25 Easy Ways to Get Fit in Your Neighborhood

You don’t have to climb Mount Everest to get fit; you can do it right in your own neighborhood. Recent research shows that getting 30 minutes a day of any type of moderate physical activity can be as powerful as the best diabetes medications available. Exercise boosts not only your energy and your mood, but also your cells’ sensitivity to insulin, which allows your cells to soak up more glucose and lowers blood sugar levels. Get moving with these simple strategies.

1. Walk Fido every day. Dog owners walk more than people without dogs. Not surprisingly, they also tend to be healthier, with less body fat, according to a new study from the University of California, San Diego. But not every pooch “parent” takes advantage of these exercise opportunities. And those who don’t walk their four-legged friends don’t get the health perks. If you don’t own a dog, offer to take the neighbor’s dog for a walk, or join your neighbor in his or her daily jaunt.

2. Volunteer at a local animal shelter to walk a pooch several times a week. Most shelters will let you participate with a little bit of training. Have a favorite breed? You can find rescue centers for labs, retrievers, even Schnoodles (Schnauzer/poodle mixes) by asking at your local humane society, animal shelter, or veterinary hospital. You can also try searching online by typing in the name of the breed, “rescue center,” and your town.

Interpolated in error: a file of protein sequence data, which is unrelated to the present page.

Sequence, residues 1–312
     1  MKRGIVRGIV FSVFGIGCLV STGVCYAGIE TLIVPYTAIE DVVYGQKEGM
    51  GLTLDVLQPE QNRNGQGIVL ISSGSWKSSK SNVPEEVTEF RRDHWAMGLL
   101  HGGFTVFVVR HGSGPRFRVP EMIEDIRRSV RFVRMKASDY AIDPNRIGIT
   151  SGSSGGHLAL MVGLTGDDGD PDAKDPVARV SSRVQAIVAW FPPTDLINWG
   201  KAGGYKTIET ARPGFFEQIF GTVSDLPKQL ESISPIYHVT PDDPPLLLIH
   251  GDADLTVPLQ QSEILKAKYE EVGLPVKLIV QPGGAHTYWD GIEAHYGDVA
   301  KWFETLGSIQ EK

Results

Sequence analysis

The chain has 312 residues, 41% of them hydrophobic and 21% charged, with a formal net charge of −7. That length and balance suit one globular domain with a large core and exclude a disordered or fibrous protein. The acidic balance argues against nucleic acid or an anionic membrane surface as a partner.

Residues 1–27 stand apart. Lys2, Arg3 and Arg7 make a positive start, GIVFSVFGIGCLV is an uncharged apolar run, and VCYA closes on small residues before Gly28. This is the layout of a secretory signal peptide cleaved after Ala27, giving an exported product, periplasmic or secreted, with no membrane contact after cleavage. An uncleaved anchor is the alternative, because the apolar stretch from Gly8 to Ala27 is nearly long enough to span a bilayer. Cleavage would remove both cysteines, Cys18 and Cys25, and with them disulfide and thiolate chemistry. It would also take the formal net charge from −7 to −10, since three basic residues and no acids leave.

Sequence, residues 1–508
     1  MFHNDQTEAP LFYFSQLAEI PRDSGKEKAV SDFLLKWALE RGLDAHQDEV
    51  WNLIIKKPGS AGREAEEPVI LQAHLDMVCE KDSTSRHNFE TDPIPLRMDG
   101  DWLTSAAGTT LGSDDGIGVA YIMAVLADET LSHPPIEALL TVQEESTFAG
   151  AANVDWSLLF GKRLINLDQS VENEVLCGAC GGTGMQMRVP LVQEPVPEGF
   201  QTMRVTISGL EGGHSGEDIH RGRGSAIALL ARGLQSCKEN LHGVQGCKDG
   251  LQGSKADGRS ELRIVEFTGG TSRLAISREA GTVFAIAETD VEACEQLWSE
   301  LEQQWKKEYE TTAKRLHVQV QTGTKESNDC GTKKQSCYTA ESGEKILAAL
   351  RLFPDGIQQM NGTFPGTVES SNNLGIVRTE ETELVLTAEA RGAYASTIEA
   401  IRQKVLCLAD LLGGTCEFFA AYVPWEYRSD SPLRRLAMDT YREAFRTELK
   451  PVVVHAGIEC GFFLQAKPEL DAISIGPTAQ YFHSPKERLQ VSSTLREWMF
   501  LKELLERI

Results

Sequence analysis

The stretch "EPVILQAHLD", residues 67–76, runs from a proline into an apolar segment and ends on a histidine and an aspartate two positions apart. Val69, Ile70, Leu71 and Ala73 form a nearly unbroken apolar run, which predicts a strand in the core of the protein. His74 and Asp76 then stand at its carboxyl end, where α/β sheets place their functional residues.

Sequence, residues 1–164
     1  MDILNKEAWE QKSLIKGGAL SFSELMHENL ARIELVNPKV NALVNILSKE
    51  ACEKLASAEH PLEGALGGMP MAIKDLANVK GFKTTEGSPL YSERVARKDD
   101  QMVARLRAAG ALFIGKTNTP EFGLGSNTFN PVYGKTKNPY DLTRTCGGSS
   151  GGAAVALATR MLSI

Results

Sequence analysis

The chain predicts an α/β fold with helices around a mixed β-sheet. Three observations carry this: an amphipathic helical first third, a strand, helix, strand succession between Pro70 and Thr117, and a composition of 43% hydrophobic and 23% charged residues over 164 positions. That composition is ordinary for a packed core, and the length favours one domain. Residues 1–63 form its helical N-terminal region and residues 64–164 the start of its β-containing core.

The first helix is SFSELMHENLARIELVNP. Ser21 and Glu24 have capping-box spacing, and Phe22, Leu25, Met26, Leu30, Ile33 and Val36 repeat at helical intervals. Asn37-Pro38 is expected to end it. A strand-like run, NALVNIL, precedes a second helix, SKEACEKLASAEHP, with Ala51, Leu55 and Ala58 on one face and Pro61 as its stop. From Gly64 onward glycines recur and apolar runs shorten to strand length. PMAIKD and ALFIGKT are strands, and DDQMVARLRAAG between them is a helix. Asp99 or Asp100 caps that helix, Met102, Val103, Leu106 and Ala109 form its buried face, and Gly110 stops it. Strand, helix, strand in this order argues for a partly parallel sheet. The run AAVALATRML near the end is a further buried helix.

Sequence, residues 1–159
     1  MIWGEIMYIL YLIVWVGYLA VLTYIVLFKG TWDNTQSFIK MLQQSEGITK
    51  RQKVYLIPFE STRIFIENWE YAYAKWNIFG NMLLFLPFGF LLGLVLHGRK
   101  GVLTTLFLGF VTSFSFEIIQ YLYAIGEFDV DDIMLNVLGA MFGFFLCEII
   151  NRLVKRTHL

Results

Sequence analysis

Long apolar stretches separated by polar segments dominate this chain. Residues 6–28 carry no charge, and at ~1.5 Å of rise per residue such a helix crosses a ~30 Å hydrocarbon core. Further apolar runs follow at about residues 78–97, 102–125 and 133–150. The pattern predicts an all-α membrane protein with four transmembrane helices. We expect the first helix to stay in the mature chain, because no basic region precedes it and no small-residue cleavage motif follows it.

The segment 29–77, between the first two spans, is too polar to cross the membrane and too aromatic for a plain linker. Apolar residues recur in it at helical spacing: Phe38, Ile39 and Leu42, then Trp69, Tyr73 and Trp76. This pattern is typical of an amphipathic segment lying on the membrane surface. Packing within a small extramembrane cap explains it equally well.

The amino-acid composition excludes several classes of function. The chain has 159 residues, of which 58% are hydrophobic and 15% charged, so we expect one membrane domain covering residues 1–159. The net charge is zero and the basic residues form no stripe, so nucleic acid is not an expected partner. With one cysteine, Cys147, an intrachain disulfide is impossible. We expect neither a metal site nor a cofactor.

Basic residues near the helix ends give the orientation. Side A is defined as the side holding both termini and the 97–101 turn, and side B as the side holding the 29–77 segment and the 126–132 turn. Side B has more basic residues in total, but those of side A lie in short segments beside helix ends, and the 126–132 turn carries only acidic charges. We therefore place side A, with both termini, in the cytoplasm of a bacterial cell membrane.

3. Sweep and weed your sidewalk once a week. Making a habit of keeping a tidy path in front of your house will make it more inviting to others, give you a chance to say hello to your fellow citizens while you’re weeding — and burn off 100 calories in just 20 minutes of vigorous work.

4. Stroll to your neighborhood mailbox. Instead of leaving outgoing mail in your home mailbox, walk your bill, magazine subscription, or birthday card to the government mailbox a few blocks away, or even to the post office if it’s within a mile or so from your home. Not only will you benefit from the blood-sugar-stabilizing activity, your check will be safer than it would be sitting in front of your house.

5. Return misdelivered mail to its rightful home on foot. It happens to everyone: You get a letter that should have gone to the house one or two blocks over. Instead of marking it “wrong address” and clipping it to your mailbox, look at the post as an opportunity to get a few minutes of activity, some fresh air, and a chance to meet a neighbor. 6. Take your newspaper on a daily walk. When you step outside for your morning paper, take the opportunity to go around your block one time. The fresh morning air will help wake you up — sans caffeine — and you’ll start your day off right with a few extra steps. You’ll knock off five minutes of exercise from your 30-minutes-a-day goal before you even sit down to have breakfast.

Content continues below ad

7. Take advantage of your sidewalk. It’s there, it’s free, and all you need is a good pair of walking shoes to use it. Begin gradually, with a 15- to 20-minute walk. Start strolling slowly for about three to five minutes, then pick up your pace for 10 minutes and cool down for another three to five minutes. Each week, add two to three minutes to the faster portion of your walk. Within a few weeks, you’ll be up to walking briskly for 30 minutes most days a week.